The investors priced Brexit as uncertainty
2 min read
The Sterling pound yesterday dropped below 2-week lows in the early London session.
The investors priced-in Brexit uncertainty ahead of a crucial meeting between Theresa May and the European Commission President.
The GBP/USD currency pair dropped to new 2.5-week lows following the Bank of England‘s interest rate decision in the mid-European session.
The GBP/USD currency pair yesterday dropped to a low of 1.2855 following the BoE rate decision before rallying to a high of 1.2997 on Mark Carney‘s balanced comments.
Sterling is trading little changed at around mid 1.2900 before the UK Prime Minister Theresa May reaches Dublin to meet her Irish counterpart and discuss the problematical border plan.
Cable (GBPUSD, often referred to as “The Cable”) tested fresh lows in the mid-1.2800s on Thursday. Although running to recover some ground later and close the day with small gains. It was a small drop in open interest and a decent raise in volume. There is a potential continuation of the bounce, which will leave at the same time occasional dips shallow.
At the time of writing, the Pound was down 0.02% at $1.2932.
image Pound falls source Yahoo Finance
The 4 hours chart shows that the pair quickly recovered above its 200 EMA, although it has already tested levels below it. A bearish 20 SMA keeps capping the upside, while technical indicators have recovered from oversold levels, now losing upward strength within negative levels, indicating that the risk of an upward extension remains limited. The pair would need to surpass the 1.3040 resistance to be able to extend its gains toward the 1.3100 price zone, yet as long as Brexit uncertainty prevails, the most likely scenario is sellers taking their chances on spikes above 1.3000.
Support levels: 1.2925 1.2880 1.2835
Resistance levels: 1.2995 1.3040 1.3090
What about shares?
UK shares were having a good day on Tuesday, with the FTSE 100 has gone from strength to strength as the morning has progressed.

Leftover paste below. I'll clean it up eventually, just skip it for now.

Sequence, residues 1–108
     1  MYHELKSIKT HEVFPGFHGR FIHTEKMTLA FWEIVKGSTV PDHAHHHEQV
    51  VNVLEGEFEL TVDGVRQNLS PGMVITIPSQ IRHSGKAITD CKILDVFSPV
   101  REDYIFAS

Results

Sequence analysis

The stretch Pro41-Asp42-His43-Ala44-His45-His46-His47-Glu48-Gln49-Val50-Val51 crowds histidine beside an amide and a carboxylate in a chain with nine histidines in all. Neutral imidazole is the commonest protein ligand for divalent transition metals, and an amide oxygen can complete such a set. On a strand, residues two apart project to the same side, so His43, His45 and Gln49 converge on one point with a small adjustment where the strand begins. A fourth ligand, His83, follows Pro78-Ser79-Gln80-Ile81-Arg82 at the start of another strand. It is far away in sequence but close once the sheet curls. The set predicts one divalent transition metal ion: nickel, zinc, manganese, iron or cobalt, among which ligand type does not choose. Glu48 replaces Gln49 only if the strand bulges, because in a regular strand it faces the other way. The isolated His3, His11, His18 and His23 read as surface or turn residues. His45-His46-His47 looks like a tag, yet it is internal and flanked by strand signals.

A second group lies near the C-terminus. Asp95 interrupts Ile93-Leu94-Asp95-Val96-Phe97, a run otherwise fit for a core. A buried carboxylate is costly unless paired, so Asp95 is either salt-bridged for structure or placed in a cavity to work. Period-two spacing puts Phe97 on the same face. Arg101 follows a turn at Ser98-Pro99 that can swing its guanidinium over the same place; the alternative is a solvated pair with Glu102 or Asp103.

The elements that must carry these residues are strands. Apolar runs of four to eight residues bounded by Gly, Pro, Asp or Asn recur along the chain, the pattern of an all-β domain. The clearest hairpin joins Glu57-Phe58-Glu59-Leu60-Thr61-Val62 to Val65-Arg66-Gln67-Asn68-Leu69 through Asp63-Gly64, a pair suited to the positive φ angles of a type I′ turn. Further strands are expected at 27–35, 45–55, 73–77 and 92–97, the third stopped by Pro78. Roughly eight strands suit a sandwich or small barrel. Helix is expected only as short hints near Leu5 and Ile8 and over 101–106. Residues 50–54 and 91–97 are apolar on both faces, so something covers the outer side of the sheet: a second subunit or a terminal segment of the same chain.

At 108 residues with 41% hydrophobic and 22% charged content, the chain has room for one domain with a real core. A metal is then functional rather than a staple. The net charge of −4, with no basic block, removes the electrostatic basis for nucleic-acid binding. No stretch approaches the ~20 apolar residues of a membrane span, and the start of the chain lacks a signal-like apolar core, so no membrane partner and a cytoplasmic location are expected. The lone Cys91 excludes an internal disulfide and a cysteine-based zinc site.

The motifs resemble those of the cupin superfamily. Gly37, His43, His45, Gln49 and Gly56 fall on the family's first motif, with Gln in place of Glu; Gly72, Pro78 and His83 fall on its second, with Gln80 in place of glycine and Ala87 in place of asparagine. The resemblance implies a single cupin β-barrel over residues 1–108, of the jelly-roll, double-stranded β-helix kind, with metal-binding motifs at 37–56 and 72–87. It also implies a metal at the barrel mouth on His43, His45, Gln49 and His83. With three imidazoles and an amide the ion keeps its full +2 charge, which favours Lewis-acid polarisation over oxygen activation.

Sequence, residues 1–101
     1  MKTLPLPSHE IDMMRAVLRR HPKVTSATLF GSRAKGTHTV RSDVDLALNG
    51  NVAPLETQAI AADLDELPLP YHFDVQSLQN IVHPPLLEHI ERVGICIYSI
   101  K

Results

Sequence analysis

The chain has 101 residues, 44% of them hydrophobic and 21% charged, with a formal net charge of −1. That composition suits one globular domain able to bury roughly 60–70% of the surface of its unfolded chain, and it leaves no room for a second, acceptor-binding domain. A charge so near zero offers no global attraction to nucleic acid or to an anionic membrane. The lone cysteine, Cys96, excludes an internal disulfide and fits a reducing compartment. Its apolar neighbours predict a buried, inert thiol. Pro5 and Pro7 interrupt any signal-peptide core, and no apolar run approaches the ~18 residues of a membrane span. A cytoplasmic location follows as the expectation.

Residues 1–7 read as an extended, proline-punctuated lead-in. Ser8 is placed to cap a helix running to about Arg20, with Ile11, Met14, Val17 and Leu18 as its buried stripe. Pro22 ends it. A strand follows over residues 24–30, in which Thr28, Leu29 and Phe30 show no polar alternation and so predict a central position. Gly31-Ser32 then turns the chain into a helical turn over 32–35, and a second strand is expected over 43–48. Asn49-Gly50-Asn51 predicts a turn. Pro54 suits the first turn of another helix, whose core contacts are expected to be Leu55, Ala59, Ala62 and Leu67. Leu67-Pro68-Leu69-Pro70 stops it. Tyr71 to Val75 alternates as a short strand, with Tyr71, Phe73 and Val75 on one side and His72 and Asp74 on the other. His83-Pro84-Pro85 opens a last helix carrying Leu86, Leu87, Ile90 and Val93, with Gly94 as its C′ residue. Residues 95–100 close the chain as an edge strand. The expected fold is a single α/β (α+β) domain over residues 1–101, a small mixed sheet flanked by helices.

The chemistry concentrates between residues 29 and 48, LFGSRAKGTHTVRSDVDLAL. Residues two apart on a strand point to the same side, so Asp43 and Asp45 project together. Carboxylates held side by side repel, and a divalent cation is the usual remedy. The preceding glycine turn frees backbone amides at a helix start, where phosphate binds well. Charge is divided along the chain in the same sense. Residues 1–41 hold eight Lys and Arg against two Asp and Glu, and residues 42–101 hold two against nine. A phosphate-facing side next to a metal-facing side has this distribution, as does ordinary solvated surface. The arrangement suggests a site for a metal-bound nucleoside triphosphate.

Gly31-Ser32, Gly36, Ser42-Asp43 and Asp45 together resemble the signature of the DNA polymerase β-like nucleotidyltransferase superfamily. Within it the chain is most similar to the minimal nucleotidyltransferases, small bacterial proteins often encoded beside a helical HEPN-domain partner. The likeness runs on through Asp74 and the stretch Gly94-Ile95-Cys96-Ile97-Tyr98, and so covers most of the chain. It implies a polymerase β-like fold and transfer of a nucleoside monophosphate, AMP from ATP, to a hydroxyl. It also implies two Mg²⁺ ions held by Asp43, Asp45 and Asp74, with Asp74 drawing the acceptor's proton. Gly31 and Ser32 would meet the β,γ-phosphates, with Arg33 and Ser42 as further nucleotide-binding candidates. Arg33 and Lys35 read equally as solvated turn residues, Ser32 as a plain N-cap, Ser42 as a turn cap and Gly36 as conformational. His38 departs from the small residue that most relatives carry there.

Shortly before midday, the UK’s benchmark share index was up 106.95 points, or 1.5%, at 7,141.08.
The index was given a lift early on by BP’s better-than-expected results, which have pushed the oil giant’s shares up more than 5%.
Shares were also boosted after the pound fell back in the wake of the disappointing survey of the UK services sector.
Currently, rate is $1 = £0.7728.
Shares often rise when sterling falls. The weaker currency lifts the value of companies’ overseas earnings when they are brought back to the UK and converted back into pounds.
Governor Carney’s said on Thursday, that further rate hikes should not be priced out of the Pound.
Focus returns to Brexit and whether Theresa May can find more support for concessions to deliver a deal pleasant to Parliament.
All options are still on the table
With the UK government still working its way to the UK parliament with the Brexit agreement approval, the Brexit uncertainty is set for the next weeks. The 2019 GBP/USD forecast highly depend on the result of the Brexit deal going forward. All options are still on the table leaving different GBP/USD scenarios all applicable.
Sterling could fall past 1.2000 level that historically frames the bottom and serves as a territory of rebound for GBP/USD in case of hard Brexit. The reasonable solution for all interested parties in the UK parliament, the UK government and in the EU should be to avoid the scenario of no-deal Brexit. That would throw the UK economy and Sterling into confusion with the Bank of England saying the bottom for Sterling would be some 25% lower.
Also, no transition Brexit would realize an unfavorable scenario for Sterling with falling to the lowest level since 1985 of 1.0700. Such scenarios are still considered doubtful. Should such scenarios develop, it is almost a sure shot for traders while buying GBP/USD at historical or/and cyclical lows.
The chance of the UK finally making some kind of Brexit deal with the European Union is still the mainstream scenario for the UK and for GBP/USD.
A no-deal Brexit is still not the most probable scenario for the UK economy going into 2019. The UK parliament stands in deep opposition to the Brexit deal agreed by the government.
The ruling Conservative party is divided profoundly.
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